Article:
George H.W. Bush discharged from hospital after pneumonia diagnosis

By: Cox Media Group National Content Desk

Updated:

HOUSTON - More than two weeks after doctors admitted former President George H.W. Bush to Houston Methodist Hospital, the 92-year-old was released from the hospital. 

>> Read more trending stories

Bush was treated for bacterial pneumonia.

 

 

Bush spokesman Jim McGrath said Thursday that the 41st president was taking his last round of antibiotics.

McGrath said Wednesday that Bush's physicians anticipated his release over the weekend and that he was steadily recovering.

"President Bush continues to improve as he recovers from pneumonia," McGrath wrote on Twitter. "Despite a lingering cough, his lungs are clearing up, and he is working with physical therapists to regain strength." 

On Tuesday, McGrath said Bush was "sitting up; talking with physicians, staff and visitors; and returning phone calls."

Bush's wife, Barbara, was discharged from the hospital Jan. 23 after a case of viral bronchitis, but she stayed at the hospital by her husband's side, McGrath said.

 

 

"The fact that he is doing so well just five days after the event … I think is a real testament to the pulmonary team … but also to him," Dr. Amy Mynderse said Jan. 23 at a news conference. "He's a really strong person. He's not your average 92-year-old."

Medical staff moved George Bush out of the intensive care unit on Jan. 23, where he was getting treatment.

George Bush went to Houston Methodist Hospital on Jan. 14 for "shortness of breath," McGrath said. He was admitted to the intensive care unit on Jan. 18. Barbara Bush was admitted to the same hospital that day "as a precaution after experiencing fatigue and coughing," McGrath said.

Doctors said Barbara Bush had a case of viral bronchitis and stuck by her husband's side after she was discharged.

"They truly do have just such an amazing love for each other, and that really came across here," Mynderse said. "Part of why she ended up here in the hospital is because even though she was ill, she was trying to be by the bedside all the time."

By Jan. 23, the 41st president was watching TV and joking with doctors and nurses, Mynderse said. However, Dr. Clint Doerr said, he continued to suffer from some respiratory problems.

"He still has a fair amount of coughing," Doerr said. "Friday discharge might be a little bit optimistic but Friday or over the weekend – it's a bit of a moving target."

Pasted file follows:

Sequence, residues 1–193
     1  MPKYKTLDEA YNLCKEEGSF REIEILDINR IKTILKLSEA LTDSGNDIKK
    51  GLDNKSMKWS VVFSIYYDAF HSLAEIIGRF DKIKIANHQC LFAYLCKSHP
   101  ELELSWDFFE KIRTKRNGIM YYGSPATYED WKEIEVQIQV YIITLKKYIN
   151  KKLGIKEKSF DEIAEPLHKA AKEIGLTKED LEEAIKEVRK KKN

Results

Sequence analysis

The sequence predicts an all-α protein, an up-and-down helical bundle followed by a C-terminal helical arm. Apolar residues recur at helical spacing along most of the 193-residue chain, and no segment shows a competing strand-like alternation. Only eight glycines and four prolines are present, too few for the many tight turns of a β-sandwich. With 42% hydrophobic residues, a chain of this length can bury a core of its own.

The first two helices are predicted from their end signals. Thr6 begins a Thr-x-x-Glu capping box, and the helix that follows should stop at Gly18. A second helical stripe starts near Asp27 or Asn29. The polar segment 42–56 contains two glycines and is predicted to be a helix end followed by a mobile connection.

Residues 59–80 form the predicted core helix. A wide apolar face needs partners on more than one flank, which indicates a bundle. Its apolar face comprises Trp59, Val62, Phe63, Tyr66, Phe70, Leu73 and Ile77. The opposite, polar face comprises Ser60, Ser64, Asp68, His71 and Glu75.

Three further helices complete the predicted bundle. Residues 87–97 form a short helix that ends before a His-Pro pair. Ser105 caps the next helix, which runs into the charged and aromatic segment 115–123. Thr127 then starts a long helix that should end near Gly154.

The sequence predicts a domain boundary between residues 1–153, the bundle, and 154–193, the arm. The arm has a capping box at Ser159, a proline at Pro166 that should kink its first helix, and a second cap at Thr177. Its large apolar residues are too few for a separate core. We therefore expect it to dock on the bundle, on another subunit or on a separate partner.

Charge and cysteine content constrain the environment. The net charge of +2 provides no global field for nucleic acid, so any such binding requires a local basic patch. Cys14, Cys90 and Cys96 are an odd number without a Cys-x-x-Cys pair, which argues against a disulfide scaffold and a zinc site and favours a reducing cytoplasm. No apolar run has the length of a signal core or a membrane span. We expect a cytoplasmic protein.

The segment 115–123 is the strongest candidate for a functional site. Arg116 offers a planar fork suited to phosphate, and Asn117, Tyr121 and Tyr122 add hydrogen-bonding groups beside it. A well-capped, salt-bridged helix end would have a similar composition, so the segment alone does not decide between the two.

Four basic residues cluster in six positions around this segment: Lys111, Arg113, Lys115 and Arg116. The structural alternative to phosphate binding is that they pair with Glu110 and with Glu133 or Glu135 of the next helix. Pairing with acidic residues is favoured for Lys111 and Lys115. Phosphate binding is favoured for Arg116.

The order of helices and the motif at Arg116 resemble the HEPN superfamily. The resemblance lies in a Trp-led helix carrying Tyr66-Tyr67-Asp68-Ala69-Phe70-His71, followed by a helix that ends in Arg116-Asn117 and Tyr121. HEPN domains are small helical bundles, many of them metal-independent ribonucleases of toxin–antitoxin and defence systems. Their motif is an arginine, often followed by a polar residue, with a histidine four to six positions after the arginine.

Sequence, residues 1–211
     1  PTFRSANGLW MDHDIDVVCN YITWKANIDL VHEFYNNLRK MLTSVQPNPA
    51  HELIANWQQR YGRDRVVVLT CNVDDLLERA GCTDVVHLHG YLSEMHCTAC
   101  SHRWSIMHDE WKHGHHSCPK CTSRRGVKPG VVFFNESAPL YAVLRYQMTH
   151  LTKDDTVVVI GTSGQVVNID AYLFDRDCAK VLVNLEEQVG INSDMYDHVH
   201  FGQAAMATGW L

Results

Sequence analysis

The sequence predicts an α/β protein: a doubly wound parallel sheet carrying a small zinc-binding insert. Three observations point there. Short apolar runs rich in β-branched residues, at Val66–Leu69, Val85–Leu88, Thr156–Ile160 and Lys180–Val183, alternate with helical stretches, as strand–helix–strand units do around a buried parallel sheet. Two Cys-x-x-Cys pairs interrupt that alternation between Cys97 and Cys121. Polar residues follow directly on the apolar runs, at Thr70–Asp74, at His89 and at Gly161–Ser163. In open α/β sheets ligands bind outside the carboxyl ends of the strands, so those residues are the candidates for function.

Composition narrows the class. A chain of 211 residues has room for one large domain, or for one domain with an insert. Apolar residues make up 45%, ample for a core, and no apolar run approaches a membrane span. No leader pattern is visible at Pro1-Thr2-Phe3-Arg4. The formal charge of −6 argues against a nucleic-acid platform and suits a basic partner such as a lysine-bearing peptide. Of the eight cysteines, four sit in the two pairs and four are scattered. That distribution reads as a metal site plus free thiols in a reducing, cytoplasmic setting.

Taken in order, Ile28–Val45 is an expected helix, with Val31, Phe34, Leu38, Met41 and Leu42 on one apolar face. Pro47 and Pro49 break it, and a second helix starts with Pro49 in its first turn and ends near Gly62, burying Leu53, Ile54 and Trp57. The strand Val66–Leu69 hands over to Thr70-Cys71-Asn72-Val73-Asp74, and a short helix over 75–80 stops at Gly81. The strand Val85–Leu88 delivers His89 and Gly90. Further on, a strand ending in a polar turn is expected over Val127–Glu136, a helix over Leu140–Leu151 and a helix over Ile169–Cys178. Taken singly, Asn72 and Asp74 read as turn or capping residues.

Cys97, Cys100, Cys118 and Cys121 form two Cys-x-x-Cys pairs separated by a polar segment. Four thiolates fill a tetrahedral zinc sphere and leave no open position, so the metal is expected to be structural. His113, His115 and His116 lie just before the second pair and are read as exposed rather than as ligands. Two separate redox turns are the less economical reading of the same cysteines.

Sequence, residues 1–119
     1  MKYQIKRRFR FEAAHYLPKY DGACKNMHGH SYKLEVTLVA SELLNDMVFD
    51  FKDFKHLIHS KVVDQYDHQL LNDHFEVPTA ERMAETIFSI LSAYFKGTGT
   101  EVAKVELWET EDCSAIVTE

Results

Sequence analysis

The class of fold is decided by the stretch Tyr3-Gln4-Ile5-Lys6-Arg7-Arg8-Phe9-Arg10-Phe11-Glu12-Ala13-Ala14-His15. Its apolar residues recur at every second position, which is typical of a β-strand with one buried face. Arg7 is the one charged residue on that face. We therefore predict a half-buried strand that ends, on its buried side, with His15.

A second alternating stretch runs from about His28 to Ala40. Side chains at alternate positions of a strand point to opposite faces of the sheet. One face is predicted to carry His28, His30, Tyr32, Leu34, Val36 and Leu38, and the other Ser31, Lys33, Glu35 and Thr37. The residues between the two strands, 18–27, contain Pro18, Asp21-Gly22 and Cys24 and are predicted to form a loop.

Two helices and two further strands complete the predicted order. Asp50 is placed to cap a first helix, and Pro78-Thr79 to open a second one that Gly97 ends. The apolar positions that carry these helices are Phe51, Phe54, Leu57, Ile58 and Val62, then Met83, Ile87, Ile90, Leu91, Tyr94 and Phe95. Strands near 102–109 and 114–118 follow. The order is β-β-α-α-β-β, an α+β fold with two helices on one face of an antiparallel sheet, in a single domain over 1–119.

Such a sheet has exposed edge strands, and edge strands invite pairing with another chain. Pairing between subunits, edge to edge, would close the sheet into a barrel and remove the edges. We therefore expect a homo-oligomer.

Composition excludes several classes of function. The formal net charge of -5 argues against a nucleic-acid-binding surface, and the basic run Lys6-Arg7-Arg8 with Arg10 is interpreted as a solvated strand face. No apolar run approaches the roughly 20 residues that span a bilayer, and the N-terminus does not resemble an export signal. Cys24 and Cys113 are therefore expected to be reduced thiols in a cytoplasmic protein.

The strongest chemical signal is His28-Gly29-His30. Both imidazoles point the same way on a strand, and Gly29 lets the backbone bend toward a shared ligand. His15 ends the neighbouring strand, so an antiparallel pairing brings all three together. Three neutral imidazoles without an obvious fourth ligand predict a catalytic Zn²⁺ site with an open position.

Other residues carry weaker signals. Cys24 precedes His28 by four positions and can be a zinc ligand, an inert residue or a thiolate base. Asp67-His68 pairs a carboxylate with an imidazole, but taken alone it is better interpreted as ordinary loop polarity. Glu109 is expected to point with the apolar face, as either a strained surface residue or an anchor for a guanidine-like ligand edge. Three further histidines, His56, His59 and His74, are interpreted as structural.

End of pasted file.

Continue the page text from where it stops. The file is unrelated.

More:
The former president's doctors addressed "an acute respiratory problem stemming from pneumonia," according to a statement. Doctors performed a procedure to clear his airway.

 

 

George Bush has a form of Parkinson's disease and uses a motorized scooter or wheelchair to get around. Despite that, he marked his 90th birthday with a tandem parachute jump in Maine and last summer took the helm of a speedboat as part of a fishing trip with a group of 40 wounded warriors.

George Bush was the youngest naval aviator when he enlisted in the U.S. Naval Reserve in 1943, spurred by the attack on Pearl Harbor.

He flew 58 combat missions during World War II, including one that required he be rescued by a submarine after his plane was hit by Japanese anti-aircraft fire. For his bravery, he was awarded the Distinguished Flying Cross.

It was while he was enlisted that he first met Barbara Bush, then a student at Smith College. The couple were married in Jan. 6, 1945, making theirs the longest marriage of any presidential couple in American history.

The couple had six children: George W., Robin, John (known as Jeb), Neil, Marvin and Dorothy. Robin died as a child. George W. Bush served two terms as president from 2001 to 2009. Jeb Bush ran for the Republican nomination in the run-up to November's election, but lost his bid to President-elect Donald Trump.

Following in the footsteps of his father, U.S. Sen. Prescott Bush (R-Connecticut), George Bush launched a career in politics in 1963 after settling with his family in Texas. He served as a congressman, CIA director and Ronald Reagan's vice president.

In 1989, became the first sitting vice president to secure the presidency since 1837.

The Associated Press contributed to this report.

Next Up: